The side effects of light therapy are less severe and include headache, eye strain, irritation, difficulty in sleeping and increased risk of age-related macular degeneration [8].

Light therapy treatment should be monitored by a mental health professional.

Vitamin D [9]

Inadequate amounts of dietary intake of vitamin D and less sun exposure leads to vitamin D deficiency. People who live about 33 degrees north or 30 degrees south of the equator are unable to produce vitamin D during the winter months from November to February [10].

Taking vitamin D regularly before the winter darkness sets may help improve and prevent SAD symptoms.

Antidepressant medications [11]

Second generation antidepressants (SGAs), such as fluoxetine is a selective serotonin reuptake inhibitor (SSRI) is considered effective in the treatment of SAD. Another SGA SSRI called bupropion has also been widely used in the treatment of SAD.

Counselling [12]

Cognitive behavioural therapy (CBT) can be highly effective in the treatment of SAD. The aim of this therapy is to curb your negative thoughts, help deal with problems that look overwhelming and provide new ways in helping you to deal with low energy, stress and sadness through healthy ways.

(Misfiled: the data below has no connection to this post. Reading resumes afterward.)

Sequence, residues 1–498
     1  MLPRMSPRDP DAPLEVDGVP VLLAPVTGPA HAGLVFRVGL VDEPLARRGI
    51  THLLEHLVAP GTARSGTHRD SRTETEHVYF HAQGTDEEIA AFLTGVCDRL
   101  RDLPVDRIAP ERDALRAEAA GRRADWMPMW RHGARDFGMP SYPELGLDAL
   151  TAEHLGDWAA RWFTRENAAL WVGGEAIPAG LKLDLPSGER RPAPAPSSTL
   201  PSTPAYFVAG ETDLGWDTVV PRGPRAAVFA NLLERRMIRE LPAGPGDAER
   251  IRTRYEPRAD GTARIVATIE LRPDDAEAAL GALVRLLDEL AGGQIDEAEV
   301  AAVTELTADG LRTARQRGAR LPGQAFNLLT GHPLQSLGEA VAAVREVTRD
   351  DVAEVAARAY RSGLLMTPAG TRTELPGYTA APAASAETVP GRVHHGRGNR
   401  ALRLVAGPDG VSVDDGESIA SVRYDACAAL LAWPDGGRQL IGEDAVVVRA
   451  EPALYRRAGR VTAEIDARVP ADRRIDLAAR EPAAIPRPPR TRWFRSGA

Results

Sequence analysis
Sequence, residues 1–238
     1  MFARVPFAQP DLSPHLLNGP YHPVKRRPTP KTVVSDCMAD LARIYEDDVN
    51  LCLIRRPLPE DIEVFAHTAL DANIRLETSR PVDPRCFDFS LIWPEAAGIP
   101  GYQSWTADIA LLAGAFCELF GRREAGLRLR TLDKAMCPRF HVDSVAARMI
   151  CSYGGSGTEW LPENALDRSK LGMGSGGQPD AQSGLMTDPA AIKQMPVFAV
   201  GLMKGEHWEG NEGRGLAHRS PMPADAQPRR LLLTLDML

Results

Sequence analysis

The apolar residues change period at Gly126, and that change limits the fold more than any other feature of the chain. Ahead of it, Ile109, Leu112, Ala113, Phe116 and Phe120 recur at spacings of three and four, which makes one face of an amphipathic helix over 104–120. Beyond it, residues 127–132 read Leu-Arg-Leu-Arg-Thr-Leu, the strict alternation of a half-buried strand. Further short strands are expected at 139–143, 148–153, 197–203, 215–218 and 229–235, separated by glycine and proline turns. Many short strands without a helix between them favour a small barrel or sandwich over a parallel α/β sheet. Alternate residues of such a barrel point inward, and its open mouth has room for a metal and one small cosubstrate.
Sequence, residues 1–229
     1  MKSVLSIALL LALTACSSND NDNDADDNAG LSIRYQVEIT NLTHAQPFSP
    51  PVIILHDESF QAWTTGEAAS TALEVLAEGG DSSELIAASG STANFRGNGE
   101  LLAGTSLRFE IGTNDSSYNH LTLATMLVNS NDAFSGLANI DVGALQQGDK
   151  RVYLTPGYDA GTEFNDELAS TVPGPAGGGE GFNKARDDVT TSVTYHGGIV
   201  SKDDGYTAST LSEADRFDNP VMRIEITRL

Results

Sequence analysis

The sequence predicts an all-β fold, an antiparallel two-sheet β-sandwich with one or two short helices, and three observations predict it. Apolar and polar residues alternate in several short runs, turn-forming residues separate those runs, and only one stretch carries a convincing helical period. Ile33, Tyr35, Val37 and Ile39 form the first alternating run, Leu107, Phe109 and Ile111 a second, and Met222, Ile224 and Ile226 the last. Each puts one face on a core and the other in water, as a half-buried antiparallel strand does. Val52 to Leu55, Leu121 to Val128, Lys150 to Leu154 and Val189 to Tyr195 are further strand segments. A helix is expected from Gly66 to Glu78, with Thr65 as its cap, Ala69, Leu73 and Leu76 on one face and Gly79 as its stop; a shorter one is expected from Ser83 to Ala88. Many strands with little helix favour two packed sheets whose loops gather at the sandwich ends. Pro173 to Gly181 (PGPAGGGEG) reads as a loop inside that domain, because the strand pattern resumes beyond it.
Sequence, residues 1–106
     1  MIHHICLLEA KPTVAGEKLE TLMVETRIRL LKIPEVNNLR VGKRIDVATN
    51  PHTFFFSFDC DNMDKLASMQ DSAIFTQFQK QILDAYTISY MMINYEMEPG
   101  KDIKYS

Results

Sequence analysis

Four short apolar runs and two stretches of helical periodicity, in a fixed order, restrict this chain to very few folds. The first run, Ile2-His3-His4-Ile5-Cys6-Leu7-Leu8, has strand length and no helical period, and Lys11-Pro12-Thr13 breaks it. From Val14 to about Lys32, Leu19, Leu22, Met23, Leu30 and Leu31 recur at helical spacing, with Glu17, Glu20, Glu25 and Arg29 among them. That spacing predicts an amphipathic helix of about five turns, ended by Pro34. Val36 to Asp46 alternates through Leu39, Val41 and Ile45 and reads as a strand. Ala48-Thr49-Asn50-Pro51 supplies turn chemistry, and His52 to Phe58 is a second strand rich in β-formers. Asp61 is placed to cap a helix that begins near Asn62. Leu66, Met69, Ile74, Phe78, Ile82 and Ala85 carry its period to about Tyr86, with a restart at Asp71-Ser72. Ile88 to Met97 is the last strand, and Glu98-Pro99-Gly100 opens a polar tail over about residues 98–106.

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Prevention Of Seasonal Affective Disorder

• Eat a diet rich in fruits and vegetables
• Limit sugary and starchy foods
• Exercise daily
• Manage your stress
• Increase sun exposure

Common FAQs

Q. Do I have SAD?

A. The symptoms of SAD include feeling of hopelessness, depressed mood, fatigue, difficulty in concentrating, changes in sleep, poor appetite and suicidal thoughts.

Q. Does SAD get worse with age?

A. The risk of SAD lowers for adults as they age.

Q. Is crying every night normal?

A. Tearfulness is frequently linked to depression and anxiety. If you are tearful regularly over other normal activities in your life, that may be a sign of depression.

Q. Are SAD lights bad for your eyes?

A. Yes, they cause eye strain